Some of the plantings in your landscape may show substantial injury caused by this winter’s weather. Damage symptoms include discolored, burned evergreen needles or leaves, dead branch tips and branches, heaved root systems and broken branches. At winter’s end, remove only those branches that are broken or so brown that they are obviously dead. Do not remove branches if when scraping underneath the outer bark a green layer is revealed. Wait until mid-summer before pruning because even dead-looking plants may still be alive. The extent of winter damage can best be determined after new growth starts in the spring. At that time, prune all dead twigs and branches back to within one quarter of an inch above a live bud or flush with the nearest live branch.
If discoloration on narrow-leaved evergreen needles is not too severe, they may regain their green color or new foliage may be produced on the undamaged stem. Broad-leaved evergreens showing leaf damage will usually produce new leaves if branches and vegetative leaf buds have not been severely injured. Damaged leaves may drop or be removed. Prune to remove badly damaged or broken branches to shape plant and to stimulate new growth.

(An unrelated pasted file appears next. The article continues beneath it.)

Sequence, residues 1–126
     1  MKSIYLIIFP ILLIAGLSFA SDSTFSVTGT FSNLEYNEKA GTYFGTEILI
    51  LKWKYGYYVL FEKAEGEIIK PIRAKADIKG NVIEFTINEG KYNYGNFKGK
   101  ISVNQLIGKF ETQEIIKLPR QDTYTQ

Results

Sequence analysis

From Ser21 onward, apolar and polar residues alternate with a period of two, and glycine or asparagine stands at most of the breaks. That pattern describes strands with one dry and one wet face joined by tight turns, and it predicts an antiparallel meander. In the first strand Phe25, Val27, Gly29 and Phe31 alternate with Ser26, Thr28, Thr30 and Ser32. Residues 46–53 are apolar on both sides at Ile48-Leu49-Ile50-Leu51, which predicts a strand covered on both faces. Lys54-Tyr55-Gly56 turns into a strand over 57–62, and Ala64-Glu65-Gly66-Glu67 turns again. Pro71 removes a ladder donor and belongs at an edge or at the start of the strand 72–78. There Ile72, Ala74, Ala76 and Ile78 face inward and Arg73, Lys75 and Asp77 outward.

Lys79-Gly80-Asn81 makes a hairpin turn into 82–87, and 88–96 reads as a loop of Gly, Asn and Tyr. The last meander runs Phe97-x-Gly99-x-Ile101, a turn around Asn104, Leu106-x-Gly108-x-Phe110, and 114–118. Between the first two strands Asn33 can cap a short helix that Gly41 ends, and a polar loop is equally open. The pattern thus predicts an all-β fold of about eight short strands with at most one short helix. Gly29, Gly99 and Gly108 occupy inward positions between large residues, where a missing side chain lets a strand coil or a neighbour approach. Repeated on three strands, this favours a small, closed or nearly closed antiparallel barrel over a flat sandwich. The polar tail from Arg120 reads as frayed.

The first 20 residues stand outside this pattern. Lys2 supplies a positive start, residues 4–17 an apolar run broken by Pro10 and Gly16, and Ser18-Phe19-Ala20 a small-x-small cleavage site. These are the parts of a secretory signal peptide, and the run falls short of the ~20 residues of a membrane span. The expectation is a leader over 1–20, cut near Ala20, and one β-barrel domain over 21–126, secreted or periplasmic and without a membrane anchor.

Replant small plants with root systems partially heaved out of the ground as soon as the soil thaws. Unless the root system is small enough to be pushed easily with the fingers into the soft soil, dig the plant, retaining as much of the root system as possible with the soil ball and replant it. An application of fertilizer to the soil around winter-damaged plants, accompanied by adequate watering, will usually induce new growth to compensate for winter injury.
Special care should be given to plants injured by winter’s cold. The dry months of June, July and August can be particularly damaging as the plants are weak and often unable to survive the stress of drought. Be sure to water adequately.